Jan 28, 2016
Overview of changes to the Common Interest Community Associations Act effective July 2016
Though this update mainly addresses changes that will go into effect in 2016, we are also making special note here that the Illinois Common Interest Community Associations Act (CICAA) was changed in July 2015 by Public Act (P.A.) 99-0041 to allow limited liability companies (“LLCs”), established by articles of organization and governed by operating agreements, to be an acceptable form for organizing or incorporating a Common Interest Community Association. P.A. 99-0041 specifically changed CICAA sections 1-5; 1-20(a); 1-25(g); 1-30(b), (c), (f), (g), (h) and (i); and 1-50(d)(1), adding the referenced LLC instruments to the definitions of community instruments, and also to the records available for inspection by owners. Articles of organization and LLC operating agreements are now part of the books and records available for examination under Section 1-30(i).
Amending and restating to address conflicting language in CICAA and declarations changed
Among the changes to CICAA effective in 2016, P.A. 99-472 appears to affect boards’ power to summarily correct or revise portions of their community instruments thrown into conflict with the new law when CICAA was first enacted. According to CICAA, these conflicting provisions in Associations’ declarations and bylaws were no longer valid and enforceable. They were effectively “severed” from the instruments as if they did not exist. A window opened at that same time for boards to revise their governing instruments without the need for a member vote in order to bring them into conformity with and reflect CICAA’s requirements. That window purported to require boards to make the referenced changes by early 2012, within approximately two years after CICAA went into effect, even though language remained in Section 1-15(b) which stated that “all provisions of the declaration, bylaws, and other community instruments severed by this Act shall be revised by the board of directors independent of the membership to comply with this Act.”
P.A. 99-472 will remove the quoted language in section 1-15(b), effective on June 1, 2016, leaving in its place the word “Blank.” A potential effect of this statutory change may be that amendments to Associations’ governing instruments made to conform them to CICAA’s terms will thereafter require approval by the percentage of its members that the declaration and bylaws expressly require for other amendments. If this change is interpreted to limit corrective amendments made to expressly import CICAA’s terms, boards of Associations that have not yet made changes that CICAA would require may be well-advised to consider making those changes before this change in the law goes into effect on June 1, 2016.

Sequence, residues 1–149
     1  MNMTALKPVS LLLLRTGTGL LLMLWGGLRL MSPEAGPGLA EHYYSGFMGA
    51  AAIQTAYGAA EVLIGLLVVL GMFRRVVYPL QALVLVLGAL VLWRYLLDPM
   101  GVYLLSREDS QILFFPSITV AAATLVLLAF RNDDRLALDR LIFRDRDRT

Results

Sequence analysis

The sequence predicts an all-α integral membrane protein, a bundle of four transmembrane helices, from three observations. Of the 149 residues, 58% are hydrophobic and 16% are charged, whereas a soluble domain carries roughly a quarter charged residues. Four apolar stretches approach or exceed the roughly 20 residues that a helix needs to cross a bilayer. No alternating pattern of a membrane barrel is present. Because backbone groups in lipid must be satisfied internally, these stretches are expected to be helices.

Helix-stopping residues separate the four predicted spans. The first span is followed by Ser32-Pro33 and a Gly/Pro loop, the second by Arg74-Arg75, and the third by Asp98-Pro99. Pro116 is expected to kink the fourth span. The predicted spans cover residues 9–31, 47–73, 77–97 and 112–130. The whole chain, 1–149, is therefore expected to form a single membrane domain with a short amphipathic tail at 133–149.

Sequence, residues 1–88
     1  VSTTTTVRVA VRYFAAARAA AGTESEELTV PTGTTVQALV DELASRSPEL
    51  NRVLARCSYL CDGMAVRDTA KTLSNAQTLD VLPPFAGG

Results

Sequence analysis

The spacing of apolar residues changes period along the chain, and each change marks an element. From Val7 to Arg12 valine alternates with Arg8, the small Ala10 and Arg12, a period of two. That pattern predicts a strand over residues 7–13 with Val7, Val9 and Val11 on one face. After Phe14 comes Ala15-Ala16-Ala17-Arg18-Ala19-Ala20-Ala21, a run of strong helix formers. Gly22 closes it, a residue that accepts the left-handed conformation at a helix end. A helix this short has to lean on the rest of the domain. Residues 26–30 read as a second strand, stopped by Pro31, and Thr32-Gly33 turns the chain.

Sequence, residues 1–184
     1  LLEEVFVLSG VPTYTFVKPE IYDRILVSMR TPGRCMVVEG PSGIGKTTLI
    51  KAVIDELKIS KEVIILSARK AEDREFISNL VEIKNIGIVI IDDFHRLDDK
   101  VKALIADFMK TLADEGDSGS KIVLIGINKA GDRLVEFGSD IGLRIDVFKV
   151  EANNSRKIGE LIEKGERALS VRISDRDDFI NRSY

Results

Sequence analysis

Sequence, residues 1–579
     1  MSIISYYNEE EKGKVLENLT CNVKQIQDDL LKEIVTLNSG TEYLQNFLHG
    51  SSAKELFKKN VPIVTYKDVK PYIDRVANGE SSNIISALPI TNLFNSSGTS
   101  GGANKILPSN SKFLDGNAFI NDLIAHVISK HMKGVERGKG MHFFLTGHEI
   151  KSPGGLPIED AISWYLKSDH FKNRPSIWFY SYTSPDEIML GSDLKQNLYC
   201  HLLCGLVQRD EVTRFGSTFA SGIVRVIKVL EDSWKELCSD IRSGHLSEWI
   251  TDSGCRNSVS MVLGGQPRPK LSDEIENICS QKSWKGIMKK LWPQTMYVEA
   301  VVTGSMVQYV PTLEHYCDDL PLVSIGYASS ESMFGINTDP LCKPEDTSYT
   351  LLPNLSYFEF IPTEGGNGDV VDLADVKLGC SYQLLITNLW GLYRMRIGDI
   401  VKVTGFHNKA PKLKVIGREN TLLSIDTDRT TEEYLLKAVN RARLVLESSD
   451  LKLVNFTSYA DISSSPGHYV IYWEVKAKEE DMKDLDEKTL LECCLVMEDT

Ombudsperson Act compliance
An important change to CICAA added Section 1-90 as of January 2015. However, this new provision actually goes into effect on July 1, 2016. Section 1-90 provides that as of that date, all Common Interest Community Associations must comply with the Illinois Condominium and Common Interest Ombudsperson Act (the “Ombudsperson Act”). To be in compliance with the Ombudsperson Act, Common Interest Community Associations that are subject to CICAA must have developed and adopted a written complaint resolution policy for unit owner complaints. Further, under the Ombudsperson Act, Associations must also register with the Illinois Department of Financial and Professional Regulation (IDFPR).
Why this matters to you: failure to comply with the grievance policy and registration provision will subject CICAA Associations to the particularly stern penalties contained in Section 55(g) of the Ombudsperson Act. Section 55(g) allows the IDFPR to impose penalties on CICAA Associations and other Associations, like Condominium Associations, for their failure to register. The penalties are not severe at first, but continued noncompliance has consequences upon Associations’ collection activity. Specifically, Section 55(g) states “if an Association fails to initially register as provided in subsection (a) of this Section or fails to timely renew its registration, the Department may impose a late charge or late fee against the Association. If an Association fails to properly register within 2 years after the effective date of this Act, or fails to renew its registration on 3 or more occasions, the Association is ineligible to impose or enforce a lien for common expenses or to pursue any action or employ any enforcement mechanism otherwise available to it in enforcement of a lien for common expenses until it is validly registered pursuant to this Section. A lien for common expenses previously filed during a period in which the Association was registered pursuant to this Section shall not be extinguished by a lapse in the Association's registration, nor shall the common expense debt reflected by the lien or court action be deemed invalid, but any pending enforcement proceedings related to the lien shall be suspended and any applicable time limits tolled until the Association is again validly registered pursuant to this Section. Nothing contained herein shall be deemed to invalidate any claim for common expenses or other enforcement mechanism, even if the claim arose while the Association was not registered.” See 765 ILCS 615/55(g) (2016).
This means Common Interest Community Association boards should take care that they (or their manager or attorney) updates their registration annually and does not let it lapse.
This Chuhak & Tecson, P.C. communication is intended only to provide information regarding developments in the law and information of general interest. It is not intended to constitute advice regarding legal problems and should not be relied upon as such.
Client Alert authored by: James P. Arrigo and James R. Stevens, Principals